Internet Explorer 9: What’s the difference?

Internet Explorer—whether it’s Internet Explorer 6, 7 or 8—gets 60% of internet traffic around the world. That is, 6 out of every 10 people visiting, or, or, or are using Internet Explorer. And why not? Internet Explorer comes with Windows; you don’t have to install anything extra, just click on that friendly blue “e” and away you go! This, along with a few other reasons, means that Internet Explorer is currently the winner in the browser wars. But are the current in use versions of Internet Explorer winners by default, or through merit? And what about the soon-to-be-released Internet Explorer 9, what does it bring to the table?

The first thing to understand is some of the basic aspects of IE (Internet Explorer), and how it varies from other browsers. IE is designed to be an integral part of the Windows operating system, and is bundled with every copy of Windows that is installed. This is a big part of the reason that Microsoft lost a large antitrust lawsuit in Europe. The courts decided that having Microsoft’s browser as the default was anti-competitive. Since IE is an integral part of the operating system, it can get it’s grubby little fingers far deeper into the guts of what makes your computer tick than perhaps it should. What this means is that if a user goes to a website that has been compromised—one that is being used by a hacker to distribute malware—then that virus or Trojan or whatever else immediately has a much higher level of access to your system than would otherwise be possible. Basically, IE is providing a direct channel to the depths of your computer for any and all attackers that are lucky enough to get you to click in the wrong place, follow the wrong link, or get you to fall prey to any one of the various tricks that they use to install a virus.

Other browsers, such as Google Chrome and Mozilla Firefox, are written by a third party, not Microsoft. Therefore, they don’t have easy access to the critical parts of the computer’s operating system. This extra layer of protection makes them more secure by their very nature. Another strength of Chrome and Firefox is that they are open source. To oversimplify the matter, that means that anyone can examine the source code—the very core of the software—for these two web browsers. For this reason, security holes are usually found, published, and fixed fairly quickly. In contrast, the source code for Internet Explorer is a highly guarded secret, so only the engineers at Microsoft can see the bugs.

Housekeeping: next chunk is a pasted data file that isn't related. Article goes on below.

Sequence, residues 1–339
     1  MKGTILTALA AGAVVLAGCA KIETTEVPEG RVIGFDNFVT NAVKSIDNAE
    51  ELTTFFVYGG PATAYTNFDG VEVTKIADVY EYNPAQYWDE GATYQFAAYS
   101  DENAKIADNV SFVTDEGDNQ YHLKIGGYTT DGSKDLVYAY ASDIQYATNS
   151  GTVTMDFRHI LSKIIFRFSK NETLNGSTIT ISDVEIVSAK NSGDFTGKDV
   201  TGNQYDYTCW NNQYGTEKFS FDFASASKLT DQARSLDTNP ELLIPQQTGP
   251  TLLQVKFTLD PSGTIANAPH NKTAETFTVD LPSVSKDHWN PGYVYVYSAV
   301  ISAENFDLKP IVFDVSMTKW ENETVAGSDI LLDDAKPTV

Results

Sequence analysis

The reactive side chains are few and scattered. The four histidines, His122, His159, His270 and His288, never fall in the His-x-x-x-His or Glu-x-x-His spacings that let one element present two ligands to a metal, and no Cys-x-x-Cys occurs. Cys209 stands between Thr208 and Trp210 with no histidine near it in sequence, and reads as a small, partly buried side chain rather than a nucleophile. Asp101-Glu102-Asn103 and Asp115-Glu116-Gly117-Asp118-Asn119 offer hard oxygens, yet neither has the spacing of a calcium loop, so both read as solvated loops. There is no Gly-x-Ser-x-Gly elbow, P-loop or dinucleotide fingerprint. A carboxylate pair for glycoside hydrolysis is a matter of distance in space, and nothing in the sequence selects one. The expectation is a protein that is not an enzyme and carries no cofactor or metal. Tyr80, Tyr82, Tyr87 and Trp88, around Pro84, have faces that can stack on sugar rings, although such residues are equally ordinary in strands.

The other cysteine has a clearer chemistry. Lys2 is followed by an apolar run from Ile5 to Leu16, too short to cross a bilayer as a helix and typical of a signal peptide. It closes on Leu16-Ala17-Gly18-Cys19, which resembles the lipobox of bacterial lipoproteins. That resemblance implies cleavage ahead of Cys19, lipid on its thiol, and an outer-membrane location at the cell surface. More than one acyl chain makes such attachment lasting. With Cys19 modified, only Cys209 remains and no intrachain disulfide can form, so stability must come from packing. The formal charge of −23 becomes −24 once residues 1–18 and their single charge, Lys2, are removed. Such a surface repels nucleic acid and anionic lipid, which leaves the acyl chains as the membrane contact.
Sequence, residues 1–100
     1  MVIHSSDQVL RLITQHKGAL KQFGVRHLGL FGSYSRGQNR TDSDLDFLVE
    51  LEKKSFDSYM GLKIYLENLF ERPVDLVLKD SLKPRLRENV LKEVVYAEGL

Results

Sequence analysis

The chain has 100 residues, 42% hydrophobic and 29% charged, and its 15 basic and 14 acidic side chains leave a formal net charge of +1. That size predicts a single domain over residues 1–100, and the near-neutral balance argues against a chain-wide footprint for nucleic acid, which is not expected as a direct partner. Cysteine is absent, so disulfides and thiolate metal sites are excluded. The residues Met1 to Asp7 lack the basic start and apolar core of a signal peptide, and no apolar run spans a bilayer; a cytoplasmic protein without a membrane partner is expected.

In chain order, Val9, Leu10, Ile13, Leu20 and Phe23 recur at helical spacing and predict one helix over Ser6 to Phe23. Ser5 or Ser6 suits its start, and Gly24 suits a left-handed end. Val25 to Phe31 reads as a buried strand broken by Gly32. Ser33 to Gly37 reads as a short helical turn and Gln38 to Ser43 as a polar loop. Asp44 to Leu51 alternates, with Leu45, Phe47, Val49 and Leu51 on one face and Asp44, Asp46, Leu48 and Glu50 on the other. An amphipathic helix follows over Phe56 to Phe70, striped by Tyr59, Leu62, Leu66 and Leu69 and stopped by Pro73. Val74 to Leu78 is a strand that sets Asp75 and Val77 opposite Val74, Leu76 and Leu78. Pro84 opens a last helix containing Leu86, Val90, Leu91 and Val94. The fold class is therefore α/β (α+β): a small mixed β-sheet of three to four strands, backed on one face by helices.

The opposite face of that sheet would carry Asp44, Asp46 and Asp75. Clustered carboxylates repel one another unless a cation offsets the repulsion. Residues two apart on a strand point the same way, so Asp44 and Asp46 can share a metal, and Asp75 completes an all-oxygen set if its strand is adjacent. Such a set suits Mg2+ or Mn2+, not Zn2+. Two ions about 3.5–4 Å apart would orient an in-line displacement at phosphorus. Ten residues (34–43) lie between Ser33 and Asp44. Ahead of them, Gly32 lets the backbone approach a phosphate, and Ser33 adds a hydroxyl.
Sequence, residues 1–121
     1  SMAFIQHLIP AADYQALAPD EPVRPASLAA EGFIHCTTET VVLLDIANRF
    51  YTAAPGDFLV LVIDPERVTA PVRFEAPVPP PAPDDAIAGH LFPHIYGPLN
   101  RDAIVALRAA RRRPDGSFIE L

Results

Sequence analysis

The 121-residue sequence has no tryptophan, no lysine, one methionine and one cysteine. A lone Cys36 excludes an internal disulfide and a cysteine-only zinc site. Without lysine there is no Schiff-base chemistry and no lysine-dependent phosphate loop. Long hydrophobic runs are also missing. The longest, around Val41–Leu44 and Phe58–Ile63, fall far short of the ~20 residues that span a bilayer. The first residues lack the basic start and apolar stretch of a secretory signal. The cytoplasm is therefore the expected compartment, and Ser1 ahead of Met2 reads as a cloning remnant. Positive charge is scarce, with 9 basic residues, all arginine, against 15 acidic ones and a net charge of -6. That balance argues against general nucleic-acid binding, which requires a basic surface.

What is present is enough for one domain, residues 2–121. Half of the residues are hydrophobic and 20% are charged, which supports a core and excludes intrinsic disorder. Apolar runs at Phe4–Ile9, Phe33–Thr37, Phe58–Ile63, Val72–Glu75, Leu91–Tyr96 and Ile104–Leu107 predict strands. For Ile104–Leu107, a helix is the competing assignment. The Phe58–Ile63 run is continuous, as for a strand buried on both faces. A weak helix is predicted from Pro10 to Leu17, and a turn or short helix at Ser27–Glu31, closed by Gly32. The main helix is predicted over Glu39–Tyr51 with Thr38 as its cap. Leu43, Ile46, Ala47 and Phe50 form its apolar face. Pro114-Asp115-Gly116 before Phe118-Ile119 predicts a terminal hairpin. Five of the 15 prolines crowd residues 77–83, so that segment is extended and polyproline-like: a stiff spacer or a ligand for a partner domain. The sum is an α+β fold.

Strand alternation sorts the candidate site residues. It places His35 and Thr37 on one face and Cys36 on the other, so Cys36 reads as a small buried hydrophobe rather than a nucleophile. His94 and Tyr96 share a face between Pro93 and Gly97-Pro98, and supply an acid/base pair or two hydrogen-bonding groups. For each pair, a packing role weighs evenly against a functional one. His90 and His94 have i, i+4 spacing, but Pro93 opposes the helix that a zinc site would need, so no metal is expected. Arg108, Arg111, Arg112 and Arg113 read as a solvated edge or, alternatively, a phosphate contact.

Another major problem with IE is that it does not comply with many of the coding standards that the web is based on, making some pages load strangely, or not at all. But because IE is still the biggest dog on the block, many web page developers end up writing their pages twice: first to be compliant with web standards so every other browser on the market can view it, then again so Internet Explorer can display it properly. To avoid this double-duty, companies sometimes opt to write the page only in the format necessary for IE. Many insurance companies, such as Delta Dental, do this. They figure that every dentist with a computer has Internet Explorer, so they just say: “Forget the other guys; we’re going with the 60%”.